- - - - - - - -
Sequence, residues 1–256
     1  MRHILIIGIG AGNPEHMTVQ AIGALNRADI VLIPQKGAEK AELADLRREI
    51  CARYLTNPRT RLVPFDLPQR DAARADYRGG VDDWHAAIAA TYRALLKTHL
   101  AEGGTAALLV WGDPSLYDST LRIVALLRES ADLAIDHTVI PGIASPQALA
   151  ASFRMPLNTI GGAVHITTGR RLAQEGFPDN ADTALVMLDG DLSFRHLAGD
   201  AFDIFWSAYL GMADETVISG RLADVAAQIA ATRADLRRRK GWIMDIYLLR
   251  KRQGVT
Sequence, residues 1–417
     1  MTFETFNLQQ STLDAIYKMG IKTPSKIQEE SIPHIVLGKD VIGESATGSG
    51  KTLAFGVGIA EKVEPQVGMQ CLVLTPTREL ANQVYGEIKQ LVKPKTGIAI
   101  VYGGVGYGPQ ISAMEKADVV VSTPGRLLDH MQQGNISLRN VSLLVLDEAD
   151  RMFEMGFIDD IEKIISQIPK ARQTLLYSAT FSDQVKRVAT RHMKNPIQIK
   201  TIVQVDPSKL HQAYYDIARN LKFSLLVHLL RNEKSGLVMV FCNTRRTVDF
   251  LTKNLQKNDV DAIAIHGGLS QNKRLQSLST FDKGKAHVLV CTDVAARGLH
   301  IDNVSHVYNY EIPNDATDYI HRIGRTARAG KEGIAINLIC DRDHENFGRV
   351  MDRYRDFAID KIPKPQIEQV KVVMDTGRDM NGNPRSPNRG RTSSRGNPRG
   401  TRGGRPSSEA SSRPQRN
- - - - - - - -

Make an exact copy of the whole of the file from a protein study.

Sequence, residues 1–256
     1  MRHILIIGIG AGNPEHMTVQ AIGALNRADI VLIPQKGAEK AELADLRREI
    51  CARYLTNPRT RLVPFDLPQR DAARADYRGG VDDWHAAIAA TYRALLKTHL
   101  AEGGTAALLV WGDPSLYDST LRIVALLRES ADLAIDHTVI PGIASPQALA
   151  ASFRMPLNTI GGAVHITTGR RLAQEGFPDN ADTALVMLDG DLSFRHLAGD
   201  AFDIFWSAYL GMADETVISG RLADVAAQIA ATRADLRRRK GWIMDIYLLR
   251  KRQGVT
Sequence, residues 1–417
     1  MTFETFNLQQ STLDAIYKMG IKTPSKIQEE SIPHIVLGKD VIGESATGSG
    51  KTLAFGVGIA EKVEPQVGMQ CLVLTPTREL ANQVYGEIKQ LVKPKTGIAI
   101  VYGGVGYGPQ ISAMEKADVV VSTPGRLLDH MQQGNISLRN VSLLVLDEAD
   151  RMFEMGFIDD IEKIISQIPK ARQTLLYSAT FSDQVKRVAT RHMKNPIQIK
   201  TIVQVDPSKL HQAYYDIARN LKFSLLVHLL RNEKSGLVMV FCNTRRTVDF
   251  LTKNLQKNDV DAIAIHGGLS QNKRLQSLST FDKGKAHVLV CTDVAARGLH
   301  IDNVSHVYNY EIPNDATDYI HRIGRTARAG KEGIAINLIC DRDHENFGRV
   351  MDRYRDFAID KIPKPQIEQV KVVMDTGRDM NGNPRSPNRG RTSSRGNPRG
   401  TRGGRPSSEA SSRPQRN